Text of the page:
City on the sea
We are citizens of the sea. Māori arrived in New Zealand by sea, as did Pākehā, and our commercial centre of Auckland lies on the shores of two harbours and at the headwaters of the immense Hauraki Gulf, Tikapa Moana.
We are also guardians of this ocean space, and kaitiaki of all within it. There are places that remain pristine, and places where the mauri has ebbed away in the wake of development. It’s time we considered our role in health of the gulf.
Viaduct Basin, Auckland
Beneath the boats
Beneath the granite-clad apartments and superyachts, NIWA divers survey the pontoons of the Viaduct Basin.
The Mediterranean fanworm was discovered in Lyttelton in 2008. MPI attempted to eradicate it using divers both there, and in Auckland’s Viaduct Basin, after the fanworm spread. Despite their efforts, it became widespread in the Waitematā by 2010, and eliminating it is no longer considered feasible.
Simpson Rock, Hauraki Gulf
Schools of feeding trevally once covered acres of the Hauraki Gulf, so plentiful was the krill and so abundant the fish. Today, however, schools of trevally may be ‘only’ 30 metres across, and concentrated in parts of the gulf that remain relatively intact.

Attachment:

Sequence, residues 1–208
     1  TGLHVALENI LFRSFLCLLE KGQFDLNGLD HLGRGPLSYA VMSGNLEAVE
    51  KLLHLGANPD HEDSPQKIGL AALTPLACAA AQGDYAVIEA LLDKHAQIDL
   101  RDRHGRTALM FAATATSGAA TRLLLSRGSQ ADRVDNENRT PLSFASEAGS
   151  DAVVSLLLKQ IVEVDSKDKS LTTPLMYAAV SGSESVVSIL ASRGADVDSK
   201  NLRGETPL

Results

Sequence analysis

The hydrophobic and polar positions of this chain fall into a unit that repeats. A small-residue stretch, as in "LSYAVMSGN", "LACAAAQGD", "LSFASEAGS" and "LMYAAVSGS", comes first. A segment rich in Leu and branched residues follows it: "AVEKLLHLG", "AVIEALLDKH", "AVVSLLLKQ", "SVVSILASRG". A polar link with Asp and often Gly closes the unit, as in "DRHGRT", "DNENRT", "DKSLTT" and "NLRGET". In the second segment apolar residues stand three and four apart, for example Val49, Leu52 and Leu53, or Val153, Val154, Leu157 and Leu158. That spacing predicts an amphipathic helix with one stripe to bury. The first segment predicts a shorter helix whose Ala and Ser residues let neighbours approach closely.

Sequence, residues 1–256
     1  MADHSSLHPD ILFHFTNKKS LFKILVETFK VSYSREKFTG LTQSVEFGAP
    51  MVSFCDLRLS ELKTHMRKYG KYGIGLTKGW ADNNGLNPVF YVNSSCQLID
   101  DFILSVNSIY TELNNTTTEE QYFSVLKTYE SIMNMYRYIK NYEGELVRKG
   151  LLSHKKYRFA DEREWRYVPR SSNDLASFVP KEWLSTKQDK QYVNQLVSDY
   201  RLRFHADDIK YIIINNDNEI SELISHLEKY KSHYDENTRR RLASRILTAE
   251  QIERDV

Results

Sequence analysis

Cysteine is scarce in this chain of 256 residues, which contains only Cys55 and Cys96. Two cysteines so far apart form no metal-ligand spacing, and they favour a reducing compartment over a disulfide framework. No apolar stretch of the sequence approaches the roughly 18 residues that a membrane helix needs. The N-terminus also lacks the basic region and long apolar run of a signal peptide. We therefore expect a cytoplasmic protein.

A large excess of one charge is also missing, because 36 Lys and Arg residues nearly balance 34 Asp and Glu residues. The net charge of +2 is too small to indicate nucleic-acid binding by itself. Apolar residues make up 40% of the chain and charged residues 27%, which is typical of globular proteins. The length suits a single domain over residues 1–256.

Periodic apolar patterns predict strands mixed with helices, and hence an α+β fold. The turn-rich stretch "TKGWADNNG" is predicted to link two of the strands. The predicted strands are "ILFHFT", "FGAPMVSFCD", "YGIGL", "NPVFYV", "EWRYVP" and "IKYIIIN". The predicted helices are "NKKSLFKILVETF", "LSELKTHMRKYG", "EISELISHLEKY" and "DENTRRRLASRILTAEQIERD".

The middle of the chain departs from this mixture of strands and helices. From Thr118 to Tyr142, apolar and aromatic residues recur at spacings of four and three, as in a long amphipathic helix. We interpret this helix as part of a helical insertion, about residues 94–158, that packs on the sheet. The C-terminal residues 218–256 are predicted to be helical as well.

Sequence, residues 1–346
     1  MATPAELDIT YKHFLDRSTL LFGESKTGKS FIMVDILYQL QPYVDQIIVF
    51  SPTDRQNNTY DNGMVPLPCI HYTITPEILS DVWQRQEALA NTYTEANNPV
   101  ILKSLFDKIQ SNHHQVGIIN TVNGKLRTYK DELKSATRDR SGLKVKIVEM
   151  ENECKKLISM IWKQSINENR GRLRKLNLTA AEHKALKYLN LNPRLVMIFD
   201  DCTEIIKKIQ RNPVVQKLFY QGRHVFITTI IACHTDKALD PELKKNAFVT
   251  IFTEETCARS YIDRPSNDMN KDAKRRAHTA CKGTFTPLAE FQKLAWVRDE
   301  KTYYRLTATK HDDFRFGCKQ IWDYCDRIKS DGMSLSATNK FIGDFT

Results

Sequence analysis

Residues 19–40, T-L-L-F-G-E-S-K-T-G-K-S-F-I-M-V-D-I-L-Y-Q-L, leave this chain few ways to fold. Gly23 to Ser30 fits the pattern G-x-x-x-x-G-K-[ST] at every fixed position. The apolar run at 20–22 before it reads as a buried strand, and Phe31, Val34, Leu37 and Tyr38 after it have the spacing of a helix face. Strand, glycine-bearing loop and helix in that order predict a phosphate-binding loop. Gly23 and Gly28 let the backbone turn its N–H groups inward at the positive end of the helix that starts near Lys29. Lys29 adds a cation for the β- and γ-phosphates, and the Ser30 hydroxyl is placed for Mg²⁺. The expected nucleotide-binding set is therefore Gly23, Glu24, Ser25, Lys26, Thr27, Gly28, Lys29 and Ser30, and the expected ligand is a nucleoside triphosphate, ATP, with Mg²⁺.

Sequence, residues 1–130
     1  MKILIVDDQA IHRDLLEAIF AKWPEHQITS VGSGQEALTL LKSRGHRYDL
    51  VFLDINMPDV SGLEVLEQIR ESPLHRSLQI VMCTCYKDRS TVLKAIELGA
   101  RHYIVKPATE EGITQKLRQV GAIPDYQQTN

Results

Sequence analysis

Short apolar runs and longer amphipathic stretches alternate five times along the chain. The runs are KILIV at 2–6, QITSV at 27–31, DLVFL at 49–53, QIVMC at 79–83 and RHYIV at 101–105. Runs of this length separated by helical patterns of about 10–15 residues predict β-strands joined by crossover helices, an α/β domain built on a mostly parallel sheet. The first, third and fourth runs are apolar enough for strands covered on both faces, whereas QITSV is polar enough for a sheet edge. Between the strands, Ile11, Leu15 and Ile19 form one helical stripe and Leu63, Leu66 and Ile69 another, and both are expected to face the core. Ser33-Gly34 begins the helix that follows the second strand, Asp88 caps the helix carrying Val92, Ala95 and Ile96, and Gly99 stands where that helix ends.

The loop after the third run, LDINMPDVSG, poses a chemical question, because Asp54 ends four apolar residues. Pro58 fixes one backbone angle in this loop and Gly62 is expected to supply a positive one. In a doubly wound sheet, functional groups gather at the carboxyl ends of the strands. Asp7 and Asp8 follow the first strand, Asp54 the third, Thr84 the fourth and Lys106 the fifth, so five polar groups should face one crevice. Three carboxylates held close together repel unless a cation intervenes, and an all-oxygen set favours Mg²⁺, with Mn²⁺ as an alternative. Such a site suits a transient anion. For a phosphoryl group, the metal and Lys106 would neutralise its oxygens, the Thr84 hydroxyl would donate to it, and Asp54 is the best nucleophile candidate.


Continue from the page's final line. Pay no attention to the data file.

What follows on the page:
Here at Simpson Rock, there is no protection, and the moment we finished filming this sequence, two fishing boats pounced on the school.
Hauraki Gulf, Auckland
Off the northern coast of Waiheke, vivacious common dolphins travel in search of the next work-up. They are lithe and playful, but also devastatingly effective predators, working around and through schooling fish such as kahawai, soury and pilchard.
In all, there are 25 species of marine mammals found in the Hauraki Gulf, almost a third of the world’s marine mammal species.
Hauraki Gulf, Auckland
A Leigh Fisheries longliner reels in a catch with practiced efficiency. Target species—such as snapper—go to the fish bin and then to market, and a flick of the wrist dispatches non-target species back into the sea.
Leigh Fisheries was established in 1957 and the founding families are still shareholders. They also track their catch, so the consumer knows when, where and how the fish was caught—even the name of boat.
Nordic Reef, Hauraki Gulf